THERE is something oddly comforting about the fact that beer was ranked alongside bread as the most important dietary staple in Elizabethan Ireland.
Some workers were given a daily allowance of 14 pints of strong ale, according to a fascinating study by Dr Susan Flavin, lecturer in early modern history at Anglia Ruskin University in England.
She found that ale and beer were considered an essential source of nutrition, and were consumed in huge quantities.
Records from January 1565 show that stonemasons working at a quarry in Clontarf, Dublin, were provided with an allowance of 14 pints of ale per day by the proctor of Christ Church Cathedral in Dublin.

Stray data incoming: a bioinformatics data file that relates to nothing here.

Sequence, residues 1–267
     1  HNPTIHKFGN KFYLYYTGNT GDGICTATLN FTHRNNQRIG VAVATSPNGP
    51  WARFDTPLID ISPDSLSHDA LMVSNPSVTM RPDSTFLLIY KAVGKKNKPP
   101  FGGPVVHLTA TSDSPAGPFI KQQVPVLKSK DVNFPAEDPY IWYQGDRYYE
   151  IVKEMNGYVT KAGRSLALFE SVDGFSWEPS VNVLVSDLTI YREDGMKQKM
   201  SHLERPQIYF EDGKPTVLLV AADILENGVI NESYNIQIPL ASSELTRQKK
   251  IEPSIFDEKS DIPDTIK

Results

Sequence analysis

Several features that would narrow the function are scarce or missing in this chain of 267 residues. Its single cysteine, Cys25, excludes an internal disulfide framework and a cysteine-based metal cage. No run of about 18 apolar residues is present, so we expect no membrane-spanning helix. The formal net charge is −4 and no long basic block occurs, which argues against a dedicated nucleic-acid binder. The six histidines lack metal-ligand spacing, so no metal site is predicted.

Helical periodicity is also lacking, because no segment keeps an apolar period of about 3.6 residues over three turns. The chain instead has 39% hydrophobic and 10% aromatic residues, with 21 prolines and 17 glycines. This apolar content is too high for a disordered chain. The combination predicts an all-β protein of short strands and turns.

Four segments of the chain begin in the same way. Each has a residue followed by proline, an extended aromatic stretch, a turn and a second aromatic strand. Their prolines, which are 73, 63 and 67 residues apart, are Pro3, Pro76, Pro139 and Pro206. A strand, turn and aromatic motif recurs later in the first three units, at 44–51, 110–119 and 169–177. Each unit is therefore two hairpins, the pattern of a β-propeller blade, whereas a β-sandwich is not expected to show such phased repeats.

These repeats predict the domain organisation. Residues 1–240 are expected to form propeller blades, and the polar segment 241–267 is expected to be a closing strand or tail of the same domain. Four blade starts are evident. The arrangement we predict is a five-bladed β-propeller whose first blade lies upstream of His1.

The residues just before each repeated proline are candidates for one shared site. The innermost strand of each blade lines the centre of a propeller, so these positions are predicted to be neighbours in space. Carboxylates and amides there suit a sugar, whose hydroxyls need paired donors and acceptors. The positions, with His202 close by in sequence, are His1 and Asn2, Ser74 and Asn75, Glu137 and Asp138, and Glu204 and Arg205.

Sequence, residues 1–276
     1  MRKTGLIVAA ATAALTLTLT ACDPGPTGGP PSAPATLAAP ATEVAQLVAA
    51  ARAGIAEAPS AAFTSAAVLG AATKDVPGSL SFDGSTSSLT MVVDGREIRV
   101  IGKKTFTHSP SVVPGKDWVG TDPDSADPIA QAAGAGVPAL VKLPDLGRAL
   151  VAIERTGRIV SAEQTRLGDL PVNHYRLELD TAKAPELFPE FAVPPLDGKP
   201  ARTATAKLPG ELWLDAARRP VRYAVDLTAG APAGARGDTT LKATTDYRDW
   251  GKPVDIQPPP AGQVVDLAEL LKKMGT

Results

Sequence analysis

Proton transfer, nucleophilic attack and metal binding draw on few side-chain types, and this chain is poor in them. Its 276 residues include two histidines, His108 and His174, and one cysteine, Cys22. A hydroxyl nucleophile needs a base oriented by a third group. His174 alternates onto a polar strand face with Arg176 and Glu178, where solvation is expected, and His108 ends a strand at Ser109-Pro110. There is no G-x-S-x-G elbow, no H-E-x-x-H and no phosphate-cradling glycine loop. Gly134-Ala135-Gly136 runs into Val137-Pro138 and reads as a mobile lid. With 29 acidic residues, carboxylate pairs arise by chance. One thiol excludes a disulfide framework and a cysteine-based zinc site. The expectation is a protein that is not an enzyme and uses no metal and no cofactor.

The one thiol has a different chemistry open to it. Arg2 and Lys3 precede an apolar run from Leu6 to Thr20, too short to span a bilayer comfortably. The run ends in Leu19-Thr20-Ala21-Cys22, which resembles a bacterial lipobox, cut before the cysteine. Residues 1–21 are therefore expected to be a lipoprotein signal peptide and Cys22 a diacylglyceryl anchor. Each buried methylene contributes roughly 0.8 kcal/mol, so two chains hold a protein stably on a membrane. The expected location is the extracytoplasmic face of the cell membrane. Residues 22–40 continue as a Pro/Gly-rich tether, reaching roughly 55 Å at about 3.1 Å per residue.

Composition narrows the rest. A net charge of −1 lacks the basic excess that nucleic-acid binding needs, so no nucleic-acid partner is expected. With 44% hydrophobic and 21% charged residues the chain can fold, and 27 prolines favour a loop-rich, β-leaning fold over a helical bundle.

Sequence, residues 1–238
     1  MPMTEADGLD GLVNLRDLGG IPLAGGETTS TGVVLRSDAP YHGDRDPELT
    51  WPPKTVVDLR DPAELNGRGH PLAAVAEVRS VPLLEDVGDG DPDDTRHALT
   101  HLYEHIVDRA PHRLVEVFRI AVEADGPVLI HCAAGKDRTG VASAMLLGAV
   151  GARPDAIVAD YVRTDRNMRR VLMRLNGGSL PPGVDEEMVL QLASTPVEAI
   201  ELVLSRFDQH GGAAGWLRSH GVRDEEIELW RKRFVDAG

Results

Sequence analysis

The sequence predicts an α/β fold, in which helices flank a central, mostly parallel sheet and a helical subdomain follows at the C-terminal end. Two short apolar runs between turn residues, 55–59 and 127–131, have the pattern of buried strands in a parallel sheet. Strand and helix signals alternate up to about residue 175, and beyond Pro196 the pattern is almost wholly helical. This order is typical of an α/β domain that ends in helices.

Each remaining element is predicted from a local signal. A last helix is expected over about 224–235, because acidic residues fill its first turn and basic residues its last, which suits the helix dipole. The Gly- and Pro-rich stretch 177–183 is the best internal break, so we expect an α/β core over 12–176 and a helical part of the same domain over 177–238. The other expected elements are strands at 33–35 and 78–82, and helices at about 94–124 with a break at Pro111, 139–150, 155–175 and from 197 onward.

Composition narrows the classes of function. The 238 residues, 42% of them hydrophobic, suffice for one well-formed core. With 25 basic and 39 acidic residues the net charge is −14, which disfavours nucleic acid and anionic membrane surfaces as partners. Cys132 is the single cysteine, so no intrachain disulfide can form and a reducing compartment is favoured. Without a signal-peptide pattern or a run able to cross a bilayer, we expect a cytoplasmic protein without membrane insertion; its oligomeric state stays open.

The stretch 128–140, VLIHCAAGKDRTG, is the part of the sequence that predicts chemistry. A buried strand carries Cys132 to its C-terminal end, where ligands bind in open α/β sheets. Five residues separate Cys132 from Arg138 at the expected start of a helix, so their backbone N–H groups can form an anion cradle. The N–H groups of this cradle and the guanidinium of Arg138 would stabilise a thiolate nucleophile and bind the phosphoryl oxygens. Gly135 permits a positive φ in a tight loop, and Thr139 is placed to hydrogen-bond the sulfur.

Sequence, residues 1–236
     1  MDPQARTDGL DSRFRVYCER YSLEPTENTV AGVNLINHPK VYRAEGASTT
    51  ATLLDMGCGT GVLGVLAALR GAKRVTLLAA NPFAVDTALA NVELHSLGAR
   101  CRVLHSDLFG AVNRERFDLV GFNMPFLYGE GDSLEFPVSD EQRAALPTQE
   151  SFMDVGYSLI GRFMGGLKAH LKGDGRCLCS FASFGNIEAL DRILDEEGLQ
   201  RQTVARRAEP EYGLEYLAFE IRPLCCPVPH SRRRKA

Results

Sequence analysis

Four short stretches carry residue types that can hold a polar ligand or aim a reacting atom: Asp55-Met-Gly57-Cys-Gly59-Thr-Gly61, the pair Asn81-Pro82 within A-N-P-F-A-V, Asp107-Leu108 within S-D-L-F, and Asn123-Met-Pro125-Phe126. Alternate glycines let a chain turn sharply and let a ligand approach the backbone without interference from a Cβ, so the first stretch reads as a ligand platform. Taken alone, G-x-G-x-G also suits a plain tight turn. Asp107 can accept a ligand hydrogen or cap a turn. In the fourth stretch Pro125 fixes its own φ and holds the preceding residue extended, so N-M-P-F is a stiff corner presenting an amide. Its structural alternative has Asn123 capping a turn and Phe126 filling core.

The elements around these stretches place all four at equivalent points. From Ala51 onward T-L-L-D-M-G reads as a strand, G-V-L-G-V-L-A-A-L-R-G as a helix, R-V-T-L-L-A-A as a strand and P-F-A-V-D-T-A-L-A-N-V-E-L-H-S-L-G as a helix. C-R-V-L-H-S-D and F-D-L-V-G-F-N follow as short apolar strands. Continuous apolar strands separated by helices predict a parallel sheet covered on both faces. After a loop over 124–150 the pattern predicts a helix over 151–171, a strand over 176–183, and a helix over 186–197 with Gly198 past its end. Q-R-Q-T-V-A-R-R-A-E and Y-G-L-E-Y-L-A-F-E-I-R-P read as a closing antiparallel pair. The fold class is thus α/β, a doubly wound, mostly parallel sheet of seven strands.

Documents from Dublin Castle showed that the household staff consumed 264,000 pints of beer in 1590, which averaged up to eight pints each a day.
Dr Flavin now plans to recreate those ales and examine their nutritional value. She will, presumably, have no shortage of volunteers to taste them.
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